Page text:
- Complaint: Apple is a Stalinist, Evil Santa Claus -- His thought appears to be that many people dislike the control that Apple (AAPL) exerts over the iPod/iPhone platforms. But his summary? "In other words, it's bad for tinkerers." Uh, no. People are used to buying devices and then, because they own them, doing as they wish with them. Purchase a PC and you can install any compatible software you want without having to buy it through the PC vendor. Purchase an MP3 player that isn't an iPod, and you can buy music from most anywhere you want. In other words, it's not that it's bad for tinkerers. It's that it's bad for consumers and for businesses.
Lots of companies have wasted millions producing devices for tinkerers, also known as "computer nerds." OQO, Samsung, Nokia ([NOK) and Asus have been making wonderfully hackable gizmos for years. They don't "catch on" because they do too much and they intimidate normal people.Ah, computer nerds. Perhaps Chris doesn't like people who use and enjoy technology. That is certainly his prerogative. However, to say reduce products from such vendors as Samsung, Nokia, and Asus as gizmos that don't catch on is to ignore the large number of these gizmos the companies actually manage to sell. You could claim that an Intel-based PC running Windows fits into the "hackable" category. But somehow a few people seem to have purchased them over the years. Handsets? Nokia and Samsung are the largest two handset vendors in the world. So much for products not catching on. Chris, it's about economics and markets and software availability, not about "tinkering." One reason some companies are incredibly successful is that their business model is open and actually invites other companies to participate without having to control every aspect.
- Complaint: No Flash?! ZOMG! -- I would agree that, over time, HTML 5 might replace the need for Flash. However, given how broadly Flash is used on the Internet, that will take a few years, conservatively. Until then, what are those purchasing an iPad supposed to do? Wait? Refusal to support Flash means a refusal to let people have access to all of the web. When Apple claims that browsing the web as a strength of the device, it's worth noting. For some reason, Chris then segues into the App Store, which has nothing to do with Flash, but, hey, I'm easy. This gets back to my previous point that the word "closed" has everything to do with markets and nothing to do with physically altering devices. Sure, there may be a way around the App Store with web-hosted services. But what if you have written an application that really should run as a resident process on the iPhone and Apple has taken a dislike to it for whatever non-obvious reason? You and your potential customers are out of luck. The gatekeeper criticism is still thoroughly in place; pretending that it isn't an issue is wishful thinking. To point out how computing might typically be done in a few years does nothing for the consumers or software vendors of today. And to say, "We don't need the iPad to be completely free; real freedom is what the PC is for," is semantically empty rhetoric. Maybe Chris doesn't need the iPad to be free, but apparently many potential buyers, including some of our Mac enthusiast colleagues on ZDNet, would disagree.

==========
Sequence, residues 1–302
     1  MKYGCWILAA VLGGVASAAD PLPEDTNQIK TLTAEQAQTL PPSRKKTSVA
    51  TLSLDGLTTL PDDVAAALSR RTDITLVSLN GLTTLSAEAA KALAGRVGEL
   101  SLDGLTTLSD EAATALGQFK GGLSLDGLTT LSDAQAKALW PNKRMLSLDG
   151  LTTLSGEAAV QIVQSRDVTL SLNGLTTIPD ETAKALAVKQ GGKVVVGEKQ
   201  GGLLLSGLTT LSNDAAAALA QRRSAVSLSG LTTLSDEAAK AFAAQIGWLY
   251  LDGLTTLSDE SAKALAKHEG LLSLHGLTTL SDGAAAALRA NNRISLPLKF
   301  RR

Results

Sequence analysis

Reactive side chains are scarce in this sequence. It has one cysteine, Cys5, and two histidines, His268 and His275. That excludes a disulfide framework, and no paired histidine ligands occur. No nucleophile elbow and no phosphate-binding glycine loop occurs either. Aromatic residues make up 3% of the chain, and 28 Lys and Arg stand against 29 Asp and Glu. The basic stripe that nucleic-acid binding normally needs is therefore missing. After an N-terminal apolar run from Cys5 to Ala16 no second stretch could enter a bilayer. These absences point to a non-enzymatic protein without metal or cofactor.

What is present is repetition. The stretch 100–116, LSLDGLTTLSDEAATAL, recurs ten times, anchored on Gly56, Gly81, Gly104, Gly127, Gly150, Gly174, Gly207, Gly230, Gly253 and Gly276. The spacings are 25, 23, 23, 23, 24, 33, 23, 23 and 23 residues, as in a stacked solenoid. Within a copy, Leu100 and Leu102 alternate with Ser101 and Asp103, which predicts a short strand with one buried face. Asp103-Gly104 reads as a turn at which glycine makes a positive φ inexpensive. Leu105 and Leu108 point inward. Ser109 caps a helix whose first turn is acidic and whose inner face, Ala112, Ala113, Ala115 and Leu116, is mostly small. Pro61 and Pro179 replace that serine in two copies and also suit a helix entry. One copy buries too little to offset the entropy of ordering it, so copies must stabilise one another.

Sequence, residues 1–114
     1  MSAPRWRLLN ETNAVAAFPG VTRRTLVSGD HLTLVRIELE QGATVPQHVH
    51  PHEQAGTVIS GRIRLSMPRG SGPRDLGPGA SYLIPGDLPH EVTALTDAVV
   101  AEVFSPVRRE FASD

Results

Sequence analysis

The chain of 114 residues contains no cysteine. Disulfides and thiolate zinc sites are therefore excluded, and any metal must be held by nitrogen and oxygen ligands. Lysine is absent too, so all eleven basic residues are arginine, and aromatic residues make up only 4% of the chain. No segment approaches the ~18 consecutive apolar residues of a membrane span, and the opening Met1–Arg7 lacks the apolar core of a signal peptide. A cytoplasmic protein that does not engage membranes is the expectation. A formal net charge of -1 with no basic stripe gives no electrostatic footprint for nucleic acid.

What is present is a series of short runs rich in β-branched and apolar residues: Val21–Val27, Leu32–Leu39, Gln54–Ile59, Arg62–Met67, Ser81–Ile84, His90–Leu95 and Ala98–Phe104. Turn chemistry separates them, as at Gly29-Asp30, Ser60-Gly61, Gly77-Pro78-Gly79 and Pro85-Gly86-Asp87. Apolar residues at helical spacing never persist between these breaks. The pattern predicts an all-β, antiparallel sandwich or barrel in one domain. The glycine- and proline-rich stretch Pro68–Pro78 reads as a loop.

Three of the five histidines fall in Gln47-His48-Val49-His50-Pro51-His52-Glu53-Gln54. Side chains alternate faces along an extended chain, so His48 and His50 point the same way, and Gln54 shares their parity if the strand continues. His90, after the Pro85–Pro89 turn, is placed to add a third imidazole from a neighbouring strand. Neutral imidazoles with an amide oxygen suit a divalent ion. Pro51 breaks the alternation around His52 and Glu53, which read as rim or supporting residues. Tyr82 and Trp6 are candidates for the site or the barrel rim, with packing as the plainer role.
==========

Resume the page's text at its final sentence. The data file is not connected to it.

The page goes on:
- Complaint: We Don't Need This -- On this point, I'd agree with Chris. Partly. As Chris wrote, "This is Apple's salesmanship again: they sell specific, but build general." In this case, that's not what happened. Apple built general and sold ... general. It wanted to sell the category and failed. Steve Jobs went on about creating a new category of device, and then failed to show what made the iPad such a category and what it delivered that people needed and couldn't get as well or better on some other bit of electronics. As I mentioned yesterday, I can see some interesting possibilities for the iPad and am even considering whether, in that light, I might buy one myself. All that goes to a general device potentially having multiple niches. But that's after swinging back and forth on the topic and suddenly getting an insight -- most assuredly not delivered by Apple -- of how it could be useful.
One can be critical of a device, company, strategy, or market without indulging in the "hatred" Chris mentioned in his piece, and the criticism can be useful in improving things. But only if the vendor, and others, listen to what people are actually saying and not dismissing it as something else.
By the way, Chris, you're always welcome to mention me by name. I'm a big boy and able to read criticism.
Image via stock.xchng user Splenetic, site standard license.